Family : Boraginaceae
Text © Pietro Puccio
English translation by Mario Beltramini
The Echium candicans L. f. (1782) is native to the Madeira archipelago, where it grows along the coastline and in the rocky hilly slopes.
The name of the genus comes from the Greek “échis”= viper, after some due to the shape of the inflorescences, after others after the belief that the plants belonging to this genus would be efficacious against its bite; the Latin name of the species “candicans” = whitish, refers to the whitish tonality of the tomentum covering almost all parts of the plant.
Common names: “bugloss”, “pride of Madeira”, “star of Madeira” (English); “vipérine arbustive”, “vipérine de Madère” (French); “bublossa-de-flor-azul”, “massaroco” (Portu- guese); “echium”, “equium”, “flor mora”, “plumero azul”, “orgullo de Madeira”, “taginaste” (Spanish); “Madeirischer Natterkopf”, “Stolz-von-Madeira” (German).
Biennial evergreen shrub, or often short-lasting perennial, much ramified at the base, usually about 1,5 m tall, but can, at times, reach and overcome the 2 m, with whitish-grey villous branches and lanceolate, 6-20 cm long and 1-4 cm broad, tomentose, leaves, of a green-grey colour, assembled on the terminal part of the branches.
The inflorescences are conical, 15-45 cm long, terminal, panicles with a compact multitude of funnel-shaped flowers which remain open for some weeks, 5-9 mm long and 8-12 mm broad, with a 5-lobed corolla, with a colour from azure to violet blue and pink stamina. The fruits contain 4 ovoid, 2-3 mm long, seeds.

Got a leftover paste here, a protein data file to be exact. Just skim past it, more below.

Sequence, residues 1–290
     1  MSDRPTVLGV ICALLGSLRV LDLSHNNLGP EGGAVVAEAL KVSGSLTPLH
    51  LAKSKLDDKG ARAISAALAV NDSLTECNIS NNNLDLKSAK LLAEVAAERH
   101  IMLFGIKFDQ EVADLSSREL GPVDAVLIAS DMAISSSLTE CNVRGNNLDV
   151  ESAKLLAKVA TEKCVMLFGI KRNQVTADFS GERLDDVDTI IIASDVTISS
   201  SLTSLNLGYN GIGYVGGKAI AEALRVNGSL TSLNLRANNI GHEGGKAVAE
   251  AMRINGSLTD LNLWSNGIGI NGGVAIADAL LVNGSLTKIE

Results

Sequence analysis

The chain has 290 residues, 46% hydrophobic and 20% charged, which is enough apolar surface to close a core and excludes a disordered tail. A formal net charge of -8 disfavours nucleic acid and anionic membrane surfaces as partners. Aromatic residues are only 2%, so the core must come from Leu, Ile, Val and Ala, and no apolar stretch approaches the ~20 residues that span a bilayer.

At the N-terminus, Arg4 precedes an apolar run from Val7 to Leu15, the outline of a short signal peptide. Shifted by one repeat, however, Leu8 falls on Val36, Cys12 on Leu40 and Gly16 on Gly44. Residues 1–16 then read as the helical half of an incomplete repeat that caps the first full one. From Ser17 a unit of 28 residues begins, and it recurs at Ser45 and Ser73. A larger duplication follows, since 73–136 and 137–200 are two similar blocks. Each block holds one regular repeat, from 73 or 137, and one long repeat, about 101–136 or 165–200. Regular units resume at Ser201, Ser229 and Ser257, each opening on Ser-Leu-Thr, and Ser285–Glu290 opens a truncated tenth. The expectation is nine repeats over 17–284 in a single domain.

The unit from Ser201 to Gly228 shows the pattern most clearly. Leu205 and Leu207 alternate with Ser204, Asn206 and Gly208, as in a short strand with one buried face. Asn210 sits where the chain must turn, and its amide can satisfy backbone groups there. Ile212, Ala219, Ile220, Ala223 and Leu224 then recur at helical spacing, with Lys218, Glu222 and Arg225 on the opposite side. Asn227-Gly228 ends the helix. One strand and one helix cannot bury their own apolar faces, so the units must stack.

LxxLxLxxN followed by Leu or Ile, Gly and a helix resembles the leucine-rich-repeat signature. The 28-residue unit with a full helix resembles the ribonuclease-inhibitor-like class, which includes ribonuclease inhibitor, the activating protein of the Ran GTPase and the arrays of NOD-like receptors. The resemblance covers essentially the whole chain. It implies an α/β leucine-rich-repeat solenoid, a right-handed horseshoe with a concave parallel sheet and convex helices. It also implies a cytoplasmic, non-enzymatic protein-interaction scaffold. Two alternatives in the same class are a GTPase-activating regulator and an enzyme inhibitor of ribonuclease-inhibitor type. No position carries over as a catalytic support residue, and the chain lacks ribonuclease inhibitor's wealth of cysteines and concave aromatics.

It easily reproduces by seed, semi-woody cutting and propagation. Starting from the seed, on the first year it produces a rosette of leaves, on the second it ramifies and blooms at the apex of the branches; in the plants behaving as perennial, the top of the blossoming happens usually during the third and forth year of age, then it tends to become less showy and for this reason many suggest to renew the plant when at this stage.
Plant of great ornamental and landscape value, to be cultivated in full sun, on even poor soils, very draining and rather arid, suitable for gardens and rocky slopes on coastal zones in Mediterranean climates with rainy winters and warm and dry summers, when in these situations it practically does not need attentions, with no or rare summer watering, as the winter rains are sufficient.
Not particular for the soil, as it can grow both in the acidic and alkaline ones and is resistant to the wind and the sea aerosols, is, on the contrary, rather sensitive to the low temperatures, loses its leaves when around -2°C, and dies around the -4/-5°C.
The nectar of the flowers attracts many butterflies and bees, and the honey produced is of very good quality. In some places, it is considered as a possible pest, due to the facility with which it reproduces by seed, and the capacity to cover ample areas.
It is, finally, to be kept in mind that the contact with leaves and branches can be irritating for the skin of particularly sensitive individuals.
Synonyms: Echium fastuosum J. Jacq. (1813).